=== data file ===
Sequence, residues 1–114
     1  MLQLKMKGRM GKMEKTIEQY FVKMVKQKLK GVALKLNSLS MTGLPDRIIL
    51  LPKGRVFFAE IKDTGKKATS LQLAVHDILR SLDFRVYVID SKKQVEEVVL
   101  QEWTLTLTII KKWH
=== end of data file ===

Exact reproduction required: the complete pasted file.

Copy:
Sequence, residues 1–114
     1  MLQLKMKGRM GKMEKTIEQY FVKMVKQKLK GVALKLNSLS MTGLPDRIIL
    51  LPKGRVFFAE IKDTGKKATS LQLAVHDILR SLDFRVYVID SKKQVEEVVL
   101  QEWTLTLTII KKWH